After reviewing 33 initiative petitions to be included on the November 2014 ballot, Mass. Attorney Gen. Martha Coakley certified 28 petitions that residents could have a chance to vote on to become laws in Massachusetts.
“Ballot initiatives allow citizens across the Commonwealth to directly engage in the process of democracy,” Coakley said in a Sept. 4 press release. “Our decisions do not reflect any opinion on the merits or values of the petitions, but simply that the constitutional requirements were met.”
Sponsors of the petitions have until Dec. 4 to gather approximately 69,000 signatures of registered voters. If achieved, it is sent to state legislature where elected officials have until the first Wednesday in May 2014 to enact it. If they do not enact it, sponsors must gain another 11,485 signatures by July 2014 to put it on the ballot for the November 2014 election.
Some of the approved initiatives cover topics such as hospital reform, minimum wage, taxes and whale fishing, according to a list of the initiative petitions filed with the Attorney General’s office. The three hospital initiatives each deal with staff and administration. The first, the Patient Safety Act, would put stricter limits on the maximum number of patients nurses can take care of one time in certain departments. The other acts would require more financial transparency from hospital administration and place a limit on operating margins.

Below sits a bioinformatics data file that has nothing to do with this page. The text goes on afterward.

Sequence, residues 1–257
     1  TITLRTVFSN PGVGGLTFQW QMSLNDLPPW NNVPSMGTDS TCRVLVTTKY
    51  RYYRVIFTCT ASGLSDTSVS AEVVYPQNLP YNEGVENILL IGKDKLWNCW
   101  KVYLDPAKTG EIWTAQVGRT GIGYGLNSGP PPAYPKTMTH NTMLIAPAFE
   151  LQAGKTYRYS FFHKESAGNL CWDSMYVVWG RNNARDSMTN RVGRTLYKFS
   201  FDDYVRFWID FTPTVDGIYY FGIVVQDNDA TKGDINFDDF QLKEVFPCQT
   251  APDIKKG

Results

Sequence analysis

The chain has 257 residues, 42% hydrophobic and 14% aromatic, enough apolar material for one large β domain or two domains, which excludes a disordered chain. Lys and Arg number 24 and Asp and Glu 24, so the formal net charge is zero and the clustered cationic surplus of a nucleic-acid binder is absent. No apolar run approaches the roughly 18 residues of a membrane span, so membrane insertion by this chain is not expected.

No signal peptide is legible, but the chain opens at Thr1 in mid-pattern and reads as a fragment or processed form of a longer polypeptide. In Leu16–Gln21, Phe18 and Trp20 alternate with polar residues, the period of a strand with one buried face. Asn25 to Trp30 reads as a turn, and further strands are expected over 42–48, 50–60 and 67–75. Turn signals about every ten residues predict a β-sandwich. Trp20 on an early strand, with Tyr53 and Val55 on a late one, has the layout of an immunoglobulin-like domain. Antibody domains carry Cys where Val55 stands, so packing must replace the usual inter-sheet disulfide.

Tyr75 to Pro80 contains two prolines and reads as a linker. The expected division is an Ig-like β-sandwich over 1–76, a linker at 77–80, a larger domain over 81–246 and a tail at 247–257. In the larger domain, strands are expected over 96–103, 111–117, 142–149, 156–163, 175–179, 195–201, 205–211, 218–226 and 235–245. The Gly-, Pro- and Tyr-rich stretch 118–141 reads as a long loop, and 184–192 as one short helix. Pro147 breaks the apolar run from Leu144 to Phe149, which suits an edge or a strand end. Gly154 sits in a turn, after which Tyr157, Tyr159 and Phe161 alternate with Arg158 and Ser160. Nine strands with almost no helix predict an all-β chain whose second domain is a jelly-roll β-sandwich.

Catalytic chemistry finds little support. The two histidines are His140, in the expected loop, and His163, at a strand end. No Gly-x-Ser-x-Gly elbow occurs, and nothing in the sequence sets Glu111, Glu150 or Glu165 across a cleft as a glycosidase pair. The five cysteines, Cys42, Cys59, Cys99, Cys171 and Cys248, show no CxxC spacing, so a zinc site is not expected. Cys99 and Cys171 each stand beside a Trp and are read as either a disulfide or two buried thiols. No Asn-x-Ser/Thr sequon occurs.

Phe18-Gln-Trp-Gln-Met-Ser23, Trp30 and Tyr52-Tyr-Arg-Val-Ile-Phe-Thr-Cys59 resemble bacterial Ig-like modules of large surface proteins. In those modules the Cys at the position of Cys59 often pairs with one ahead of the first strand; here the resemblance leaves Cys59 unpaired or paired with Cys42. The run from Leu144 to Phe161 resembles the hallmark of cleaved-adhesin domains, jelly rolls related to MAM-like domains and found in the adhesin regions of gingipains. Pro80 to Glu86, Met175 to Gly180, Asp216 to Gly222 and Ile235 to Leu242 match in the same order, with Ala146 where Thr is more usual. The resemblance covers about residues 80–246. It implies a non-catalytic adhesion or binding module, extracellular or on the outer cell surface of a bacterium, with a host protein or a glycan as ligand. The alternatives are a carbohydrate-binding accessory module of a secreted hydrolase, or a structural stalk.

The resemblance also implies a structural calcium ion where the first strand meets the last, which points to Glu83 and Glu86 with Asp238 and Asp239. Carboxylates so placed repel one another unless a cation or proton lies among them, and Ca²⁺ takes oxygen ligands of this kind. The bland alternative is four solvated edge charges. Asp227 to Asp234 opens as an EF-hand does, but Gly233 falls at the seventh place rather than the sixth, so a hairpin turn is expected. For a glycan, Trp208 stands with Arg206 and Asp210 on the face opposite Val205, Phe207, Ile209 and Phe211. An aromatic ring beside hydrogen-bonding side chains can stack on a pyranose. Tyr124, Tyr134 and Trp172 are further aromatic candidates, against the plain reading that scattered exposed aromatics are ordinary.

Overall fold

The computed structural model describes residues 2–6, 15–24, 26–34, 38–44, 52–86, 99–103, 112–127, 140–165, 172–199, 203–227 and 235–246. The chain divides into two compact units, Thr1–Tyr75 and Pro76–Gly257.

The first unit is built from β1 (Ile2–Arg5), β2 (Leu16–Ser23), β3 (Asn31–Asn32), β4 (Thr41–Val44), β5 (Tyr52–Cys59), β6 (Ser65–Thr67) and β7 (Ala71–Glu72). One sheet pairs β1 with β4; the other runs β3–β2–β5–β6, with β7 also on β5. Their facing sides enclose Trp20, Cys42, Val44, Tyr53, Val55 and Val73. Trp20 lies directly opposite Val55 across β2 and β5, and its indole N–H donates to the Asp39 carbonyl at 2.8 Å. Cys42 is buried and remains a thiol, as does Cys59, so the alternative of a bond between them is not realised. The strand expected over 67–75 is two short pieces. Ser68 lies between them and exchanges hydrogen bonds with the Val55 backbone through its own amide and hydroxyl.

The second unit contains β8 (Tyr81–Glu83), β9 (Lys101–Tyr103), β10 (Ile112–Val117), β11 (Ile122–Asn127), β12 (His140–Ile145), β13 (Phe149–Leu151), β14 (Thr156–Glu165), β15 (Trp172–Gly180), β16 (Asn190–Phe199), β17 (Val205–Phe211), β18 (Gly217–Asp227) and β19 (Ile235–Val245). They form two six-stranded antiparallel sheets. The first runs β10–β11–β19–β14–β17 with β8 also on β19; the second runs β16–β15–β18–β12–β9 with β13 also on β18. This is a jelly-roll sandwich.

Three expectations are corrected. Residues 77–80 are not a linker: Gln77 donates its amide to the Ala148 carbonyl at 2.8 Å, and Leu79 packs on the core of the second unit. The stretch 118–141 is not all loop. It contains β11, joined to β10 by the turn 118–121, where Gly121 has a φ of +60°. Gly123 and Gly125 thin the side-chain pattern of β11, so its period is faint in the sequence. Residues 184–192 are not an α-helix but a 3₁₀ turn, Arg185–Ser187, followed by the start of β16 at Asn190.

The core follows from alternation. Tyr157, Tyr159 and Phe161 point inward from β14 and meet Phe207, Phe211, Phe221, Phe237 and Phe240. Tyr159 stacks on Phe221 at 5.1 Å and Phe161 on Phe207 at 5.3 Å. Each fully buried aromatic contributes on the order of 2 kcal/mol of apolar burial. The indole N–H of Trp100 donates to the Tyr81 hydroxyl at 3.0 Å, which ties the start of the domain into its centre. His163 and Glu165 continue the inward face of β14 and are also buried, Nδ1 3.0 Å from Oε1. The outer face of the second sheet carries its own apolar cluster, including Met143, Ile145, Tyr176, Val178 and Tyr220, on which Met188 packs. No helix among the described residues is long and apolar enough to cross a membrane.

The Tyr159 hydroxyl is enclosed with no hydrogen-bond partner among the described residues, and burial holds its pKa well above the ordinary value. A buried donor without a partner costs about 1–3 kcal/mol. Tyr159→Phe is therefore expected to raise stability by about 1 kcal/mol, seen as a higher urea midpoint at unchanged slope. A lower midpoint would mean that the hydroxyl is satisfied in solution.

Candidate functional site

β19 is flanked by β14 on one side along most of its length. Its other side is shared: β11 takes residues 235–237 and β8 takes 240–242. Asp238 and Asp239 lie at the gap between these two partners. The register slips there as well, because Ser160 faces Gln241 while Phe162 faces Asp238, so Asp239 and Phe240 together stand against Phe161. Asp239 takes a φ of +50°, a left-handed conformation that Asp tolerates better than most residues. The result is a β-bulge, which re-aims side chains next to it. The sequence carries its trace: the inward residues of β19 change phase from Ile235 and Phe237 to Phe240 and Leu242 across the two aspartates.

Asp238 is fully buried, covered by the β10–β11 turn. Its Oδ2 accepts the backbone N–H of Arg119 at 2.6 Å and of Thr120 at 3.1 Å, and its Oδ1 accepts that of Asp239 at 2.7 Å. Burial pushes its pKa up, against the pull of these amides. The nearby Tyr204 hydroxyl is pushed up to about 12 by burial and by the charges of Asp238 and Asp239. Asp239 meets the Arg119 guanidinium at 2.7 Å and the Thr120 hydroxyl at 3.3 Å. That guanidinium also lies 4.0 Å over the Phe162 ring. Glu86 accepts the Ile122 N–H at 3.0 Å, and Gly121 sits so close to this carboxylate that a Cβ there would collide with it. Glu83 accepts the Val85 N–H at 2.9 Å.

David Schildmeier, spokesman for the Massachusetts Nurses Association and proponent of the initiatives, said all three reflect “a problem-ridden system” in hospitals, but that the safety act is the most important.
“Nurses can have five to eight assignments at one time,” he said. “They will say it’s not safe, that they can’t safely take care of them [the patients]. What they will get back from management is ‘deal with it.’ That has to change for the nurse’s sake and the patient’s sake.”
Other petitions approved would allow for more state independence from federal law, repeal gas tax indexing, repeal a tax on information technology services and restructure what constitutes sick-time off of work, according to the list of initiative petitions.
Several people offered mixed opinions on an initiative that would raise the minimum wage from $8 to $11.
“I can’t even begin to fathom how people live on minimum wage now,” said Burlin Barr, 50, a resident of Amherst. “You can’t even think about having a family.”
Shalimar Crayton, 38, a resident of Dorchester and administrative assistant at Harvard Vanguard and Associates, said she was not as sure about raising the minimum wage.
“I kind of sit in the middle on this,” she said. “I understand the point of minimum wage, but at the same time, those jobs are sometimes for people with no skills, and they somehow have to make a living with that. I can see it from the employer’s view though. The problem is knowing what the right number is.”
Five initiatives did not meet state requirements to get on the ballot. The denial does not mean the initiative is no longer an option, but the process to get approval becomes more difficult.
Nicholas Brokon, 54, a resident of Nahant and iron worker whose petition was struck down, said he is still motivated to get it signed into law. His petition would counter U.S. Supreme Court precedent and say corporations are not people and money is not free speech.
“Once we get the petition forms in our hands, we expect support for this to grow exponentially,” he said. “If this issue weren’t important for people to rise up and petition the government, we wouldn’t be doing it. This definitely isn’t over.”